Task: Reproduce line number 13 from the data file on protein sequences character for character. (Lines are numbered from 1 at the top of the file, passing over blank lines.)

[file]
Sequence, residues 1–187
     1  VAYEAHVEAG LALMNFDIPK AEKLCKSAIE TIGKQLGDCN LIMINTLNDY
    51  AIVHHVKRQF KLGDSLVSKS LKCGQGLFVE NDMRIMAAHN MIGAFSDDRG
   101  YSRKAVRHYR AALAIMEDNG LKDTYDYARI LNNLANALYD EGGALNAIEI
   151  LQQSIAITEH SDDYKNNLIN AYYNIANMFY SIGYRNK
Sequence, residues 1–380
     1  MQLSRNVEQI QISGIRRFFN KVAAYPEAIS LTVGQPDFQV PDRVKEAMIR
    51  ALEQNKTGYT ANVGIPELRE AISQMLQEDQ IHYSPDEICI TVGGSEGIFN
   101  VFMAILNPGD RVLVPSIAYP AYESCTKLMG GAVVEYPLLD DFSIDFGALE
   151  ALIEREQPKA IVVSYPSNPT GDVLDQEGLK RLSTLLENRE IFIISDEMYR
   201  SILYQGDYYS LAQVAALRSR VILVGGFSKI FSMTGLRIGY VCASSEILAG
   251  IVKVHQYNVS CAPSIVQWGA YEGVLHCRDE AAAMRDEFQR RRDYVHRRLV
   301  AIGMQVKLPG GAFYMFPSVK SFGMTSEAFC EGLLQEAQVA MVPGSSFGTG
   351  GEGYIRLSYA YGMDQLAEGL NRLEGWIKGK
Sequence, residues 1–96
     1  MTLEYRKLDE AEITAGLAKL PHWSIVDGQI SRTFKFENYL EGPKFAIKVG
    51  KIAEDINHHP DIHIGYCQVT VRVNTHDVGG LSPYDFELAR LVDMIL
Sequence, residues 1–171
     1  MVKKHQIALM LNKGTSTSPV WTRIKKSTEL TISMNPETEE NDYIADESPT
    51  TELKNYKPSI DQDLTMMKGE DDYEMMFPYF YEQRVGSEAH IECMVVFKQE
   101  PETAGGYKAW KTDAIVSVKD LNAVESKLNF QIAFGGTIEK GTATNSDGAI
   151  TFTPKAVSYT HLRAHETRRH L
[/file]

   301  AIGMQVKLPG GAFYMFPSVK SFGMTSEAFC EGLLQEAQVA MVPGSSFGTG